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Indoor air quality (IAQ) is an increasingly important topic as more people spend most of their time inside. Poor IAQ can cause a variety of health issues, including allergies, asthma, and other respiratory problems.1  
This blog post covers some of the most frequently asked questions about IAQ and what can be done to improve the air quality for homes, offices, etc.  


What causes poor indoor air quality? 
The most common sources of indoor air pollution include CO2, mold, pet dander, cleaning chemicals, pesticides, radon, and tobacco smoke. Contemporary buildings are sealed to preserve heat and air conditioning. However, poorly ventilated buildings can trap pollutants inside, making internal air more polluted than outside. 


How can I tell if my indoor air quality is poor?  
There are a few signs that can indicate poor IAQ, such as frequent headaches, dizziness, fatigue, and respiratory problems.2 If you notice any of these symptoms, it may be a sign that the air needs to be improved. Any visible mold growth or musty odors can also be a sign of poor IAQ. 
Another way to check is by using an air monitor like the Aranet4 Home. These devices are wireless, portable, and give regular updates regarding health-centric metrics like CO2.  


What can I do to improve indoor air quality? 
We recently published a blog detailing several tips to keep IAQ optimal. However, here’s a quick breakdown of ways to improve things: 

  • Regularly open windows and doors. This will allow CO2 to disperse and allow fresh air to circulate. 
  • Regularly clean and vacuum homes and offices to remove dust and other particles. 
  • Use natural cleaning products or make your own cleaning solutions to avoid harsh chemicals. 
  • Buy some houseplants for homes and offices. These actively absorb CO2 and release clean oxygen.  
  • Install air filters in heating and cooling systems to remove pollutants. 
  • Avoid smoking inside and/or use air purifiers to remove smoke particles. 
  • Test areas for radon and take steps to fix the problem if elevated levels are found. 
  • Keep moisture levels low. This helps prevent mold growth. 
  • Regularly maintain your heating, ventilation, and air conditioning systems. Older systems can often become dirty, requiring cleaning, filter changes, or other maintenance. 


Are air purifiers effective for improving indoor air quality? 
Air purifiers can be effective in removing pollutants from the air, but they are not a substitute for good ventilation and regular cleaning.3 It does help to choose an air purifier with a high-efficiency particulate arrestance (HEPA) filter. These filters are specially designed to remove particles as small as 0.3 microns. Lastly, it is important to regularly change air purifier filters to ensure they continue functioning effectively.


Is it safe to use essential oils to improve indoor air quality? 
While some sources disagree, the latest research points to essential oils increasing indoor pollution.4 Furthermore, some essential oils, such as tea tree and eucalyptus, can be dangerous if ingested or applied directly to the skin in large concentrations.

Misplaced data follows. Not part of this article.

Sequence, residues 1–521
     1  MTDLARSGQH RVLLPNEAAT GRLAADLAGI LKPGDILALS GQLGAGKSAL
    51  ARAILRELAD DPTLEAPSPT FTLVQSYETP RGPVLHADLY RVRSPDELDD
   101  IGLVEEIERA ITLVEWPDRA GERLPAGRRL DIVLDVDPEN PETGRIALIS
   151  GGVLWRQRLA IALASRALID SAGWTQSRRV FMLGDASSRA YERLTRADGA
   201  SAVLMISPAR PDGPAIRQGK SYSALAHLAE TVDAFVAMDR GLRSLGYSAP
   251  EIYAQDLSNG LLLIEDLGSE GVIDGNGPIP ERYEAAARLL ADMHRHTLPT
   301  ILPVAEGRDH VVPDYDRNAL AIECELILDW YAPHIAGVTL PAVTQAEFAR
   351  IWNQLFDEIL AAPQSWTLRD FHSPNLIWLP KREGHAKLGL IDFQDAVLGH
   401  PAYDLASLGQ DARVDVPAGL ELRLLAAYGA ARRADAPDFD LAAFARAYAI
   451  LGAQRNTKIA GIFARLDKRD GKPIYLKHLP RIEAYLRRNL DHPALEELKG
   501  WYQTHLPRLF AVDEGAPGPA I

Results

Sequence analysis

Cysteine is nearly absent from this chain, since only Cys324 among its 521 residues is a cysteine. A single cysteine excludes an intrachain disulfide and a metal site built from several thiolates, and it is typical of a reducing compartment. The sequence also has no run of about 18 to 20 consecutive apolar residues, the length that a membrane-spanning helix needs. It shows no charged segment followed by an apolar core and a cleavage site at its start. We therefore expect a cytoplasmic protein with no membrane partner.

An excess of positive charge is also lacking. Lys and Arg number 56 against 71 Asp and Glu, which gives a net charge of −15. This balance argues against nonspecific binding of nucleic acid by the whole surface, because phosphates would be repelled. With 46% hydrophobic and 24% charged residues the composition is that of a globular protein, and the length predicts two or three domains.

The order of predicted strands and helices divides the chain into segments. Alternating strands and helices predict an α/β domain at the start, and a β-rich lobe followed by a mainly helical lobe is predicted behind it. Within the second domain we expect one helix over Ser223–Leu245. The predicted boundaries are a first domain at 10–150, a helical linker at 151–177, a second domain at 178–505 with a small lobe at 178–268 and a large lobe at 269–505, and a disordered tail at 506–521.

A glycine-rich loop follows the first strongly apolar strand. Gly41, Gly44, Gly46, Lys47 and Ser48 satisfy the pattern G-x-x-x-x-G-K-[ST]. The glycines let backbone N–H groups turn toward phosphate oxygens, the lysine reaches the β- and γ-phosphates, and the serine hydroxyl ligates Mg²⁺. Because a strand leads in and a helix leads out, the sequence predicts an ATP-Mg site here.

While they do smell fantastic, essential oils cover smells, rather than reducing pollution.  


Is it necessary to have my indoor air quality tested? 
It is not always necessary to have your indoor air quality tested, but it can be helpful if you suspect there may be a problem. 
An easy way to test air quality is by using an air monitor to track the concentration of contaminants like CO2. As the presence of CO2 correlates with the concentration of airborne pathogens like influenza and the common cold5, air monitors are simple, real-world indicators of indoor air quality.  

What is a normal CO2 concentration? 
A normal CO2 concentration is about 400 ppm outdoors. Inside a well-ventilated building, normal CO2 levels range from 400-1000 ppm.  
When the saturation of CO2 is greater than 1000 ppm, people start to experience drowsiness. Levels above 2000 ppm are associated with sleepiness, headaches, and other unpleasant side effects.6  


Does the humidity level affect indoor air quality?  

Yes. Humidity levels affect indoor air quality. The recommended humidity level is between 30-50%. Too high a humidity, and mold and bacteria are more likely to grow. On the other hand, low humidity is associated with dryness and respiratory illnesses. 7 


Do houseplants help improve indoor air quality? 
Maybe. One famous study conducted by NASA identified plants as removing pollutants. However, this was in small environments simulating a space-like scenario.
However, plants are proven to increase humidity, release oxygen, and absorb CO2. The Spider Plant, Snake Plant, Boston Fern, Golden Pothos, and Dracaena are closely associated with air-cleaning abilities.  




  1. Indoor Air Quality.
  2. 10 Signs of Poor Indoor Air Quality. 
  3. Do Air Purifiers Work? 
  4. Are Essential Oils Hurting Your Indoor Air Quality? 
  5. Exhaled CO2 as a COVID-19 Infection Risk Proxy for Different Indoor Environments and Activities. 
  6. Carbon Dioxide.
  7. Indirect health effects of relative humidity in indoor environments. 
  8. A study of interior landscape plants for indoor air pollution abatement. 

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